Faced with another birthday party at Chuck E Cheese, a place my daughter loves but low ISOs do not, I decided to get creative. I shot a collection of photos with a set of three Yongnuo YN-560 and YN-560 II flashes with a diffuser cap/”omni bounce” inside of small lampshades placed along the table.
I wanted to go for a look like dinner around a table with candles/lamps sort of low key, pleasant ambiance kind of thing. I also wanted to shoot at lower ISOs to get some real nice images of my kid as keepsakes.
I don’t know if something like this would be viable/useful outside of a family event where I don’t care that I can see the bottoms of the lamps are actually flash bodies, but, I had thought that perhaps I could push the idea further in the future and hide the flashes in something that actually looks like a lamp. This was a prototype test run where at least I cared to get some decent shots.
Anyway, the flashes were all set at 1/64th power, zoomed out to 24mm, diffuser down, gelled 1/4 CTO, with Meike omnibounce-alike cap inside simple small white lampshades that I bought at Wal-mart for $3.50 each. The bounce caps (for bare-bulb-like effect) cost $5 each so the modifier cost was very low per flash.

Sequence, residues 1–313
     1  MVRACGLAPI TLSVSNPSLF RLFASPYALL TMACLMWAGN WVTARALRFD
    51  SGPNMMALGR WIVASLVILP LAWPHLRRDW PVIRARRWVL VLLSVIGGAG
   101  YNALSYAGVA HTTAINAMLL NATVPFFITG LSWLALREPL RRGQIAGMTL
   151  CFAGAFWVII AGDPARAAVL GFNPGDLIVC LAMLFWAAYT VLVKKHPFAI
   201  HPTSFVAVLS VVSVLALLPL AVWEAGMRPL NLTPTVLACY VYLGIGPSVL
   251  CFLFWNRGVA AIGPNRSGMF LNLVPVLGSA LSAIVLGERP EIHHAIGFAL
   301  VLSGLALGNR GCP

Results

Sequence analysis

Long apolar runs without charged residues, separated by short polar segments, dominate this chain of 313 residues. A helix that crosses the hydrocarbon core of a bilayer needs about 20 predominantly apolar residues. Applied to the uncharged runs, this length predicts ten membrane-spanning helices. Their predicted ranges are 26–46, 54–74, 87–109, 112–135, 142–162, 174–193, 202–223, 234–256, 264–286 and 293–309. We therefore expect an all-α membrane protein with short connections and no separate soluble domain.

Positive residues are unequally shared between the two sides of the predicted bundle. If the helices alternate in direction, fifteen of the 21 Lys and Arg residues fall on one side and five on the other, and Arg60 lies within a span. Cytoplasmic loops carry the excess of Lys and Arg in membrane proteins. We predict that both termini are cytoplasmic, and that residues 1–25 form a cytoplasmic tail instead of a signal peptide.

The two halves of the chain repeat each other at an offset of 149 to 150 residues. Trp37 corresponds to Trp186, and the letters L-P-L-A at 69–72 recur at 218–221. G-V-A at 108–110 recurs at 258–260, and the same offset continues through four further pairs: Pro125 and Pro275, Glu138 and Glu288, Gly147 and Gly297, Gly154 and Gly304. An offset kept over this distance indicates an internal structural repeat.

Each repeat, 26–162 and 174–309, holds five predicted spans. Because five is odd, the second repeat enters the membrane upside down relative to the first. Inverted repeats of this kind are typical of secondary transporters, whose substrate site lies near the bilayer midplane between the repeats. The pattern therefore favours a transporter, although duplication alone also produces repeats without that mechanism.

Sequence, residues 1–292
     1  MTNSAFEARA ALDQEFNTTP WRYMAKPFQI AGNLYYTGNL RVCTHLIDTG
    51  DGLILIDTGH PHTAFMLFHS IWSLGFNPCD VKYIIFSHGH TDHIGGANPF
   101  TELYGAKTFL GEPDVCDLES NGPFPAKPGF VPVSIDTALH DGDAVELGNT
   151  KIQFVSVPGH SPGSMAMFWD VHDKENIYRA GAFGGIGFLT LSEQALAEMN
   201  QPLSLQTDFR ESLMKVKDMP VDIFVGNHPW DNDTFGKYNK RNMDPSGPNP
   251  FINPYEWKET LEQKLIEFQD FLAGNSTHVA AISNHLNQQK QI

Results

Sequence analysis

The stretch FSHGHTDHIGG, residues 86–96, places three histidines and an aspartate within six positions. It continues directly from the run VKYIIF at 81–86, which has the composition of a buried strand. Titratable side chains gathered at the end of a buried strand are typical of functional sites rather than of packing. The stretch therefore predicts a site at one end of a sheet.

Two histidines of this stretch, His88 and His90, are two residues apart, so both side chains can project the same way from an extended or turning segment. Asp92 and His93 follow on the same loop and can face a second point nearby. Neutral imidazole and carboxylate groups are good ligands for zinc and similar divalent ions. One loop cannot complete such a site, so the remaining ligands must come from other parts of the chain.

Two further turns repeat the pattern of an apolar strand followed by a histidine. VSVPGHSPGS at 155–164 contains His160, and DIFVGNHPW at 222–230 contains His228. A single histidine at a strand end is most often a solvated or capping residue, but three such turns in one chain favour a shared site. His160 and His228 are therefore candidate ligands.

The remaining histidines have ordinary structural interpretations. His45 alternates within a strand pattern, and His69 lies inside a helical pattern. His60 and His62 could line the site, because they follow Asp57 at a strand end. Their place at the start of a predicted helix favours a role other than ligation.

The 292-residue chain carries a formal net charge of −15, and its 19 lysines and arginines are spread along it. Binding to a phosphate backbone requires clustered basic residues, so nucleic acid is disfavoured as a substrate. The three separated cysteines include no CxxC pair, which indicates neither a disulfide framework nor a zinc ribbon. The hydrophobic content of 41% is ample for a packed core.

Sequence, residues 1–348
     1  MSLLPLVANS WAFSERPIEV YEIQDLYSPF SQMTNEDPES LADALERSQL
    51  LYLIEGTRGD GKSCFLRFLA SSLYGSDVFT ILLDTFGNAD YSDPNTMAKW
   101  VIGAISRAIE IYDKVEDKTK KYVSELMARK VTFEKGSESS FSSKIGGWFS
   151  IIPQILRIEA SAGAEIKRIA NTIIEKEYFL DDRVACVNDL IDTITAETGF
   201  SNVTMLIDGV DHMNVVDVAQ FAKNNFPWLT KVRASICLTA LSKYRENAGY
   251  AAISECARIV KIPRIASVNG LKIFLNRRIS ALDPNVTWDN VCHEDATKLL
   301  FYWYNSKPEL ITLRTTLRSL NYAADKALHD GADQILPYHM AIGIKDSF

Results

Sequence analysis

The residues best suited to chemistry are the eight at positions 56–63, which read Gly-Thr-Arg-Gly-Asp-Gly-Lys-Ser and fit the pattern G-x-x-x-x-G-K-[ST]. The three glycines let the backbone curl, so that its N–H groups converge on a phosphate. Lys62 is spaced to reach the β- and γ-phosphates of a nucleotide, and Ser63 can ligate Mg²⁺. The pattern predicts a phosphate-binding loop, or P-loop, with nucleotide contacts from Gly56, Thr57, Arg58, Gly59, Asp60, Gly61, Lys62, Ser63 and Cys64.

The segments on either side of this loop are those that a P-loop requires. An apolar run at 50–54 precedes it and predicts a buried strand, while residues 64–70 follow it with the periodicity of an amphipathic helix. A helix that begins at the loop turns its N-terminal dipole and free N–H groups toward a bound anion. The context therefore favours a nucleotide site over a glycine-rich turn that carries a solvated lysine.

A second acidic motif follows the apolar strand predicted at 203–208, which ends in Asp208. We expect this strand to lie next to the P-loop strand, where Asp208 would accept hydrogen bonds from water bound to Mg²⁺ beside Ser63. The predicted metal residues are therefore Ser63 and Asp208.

Camera was a Nikon D800 + Sigma 35mm ƒ/1.4 set to 100 ISO most of the time, occasionally up to 200 ISO, 1/60-1/100s shutter, f/1.4-2 all varied depending on my whim. Just one image from this album is not lit with the lights, it’ll probably be obvious which one.
Keep in mind that this was merely my own kid’s birthday party and not some event I shot for pay. I figured it might be interesting to the strobists anyway due to the unusual approach I took to dealing with a low/mixed light setting where the ceilings were too high and unpredictably colored to bounce (and I don’t really like the eye-shadow effect of bounced flash anyway.)
About the author: Zachery Jensen is a photography enthusiast and software engineer based in Salt Lake City, Utah. Visit his website here, his Facebook page here, and his Flickr here. This article originally appeared here.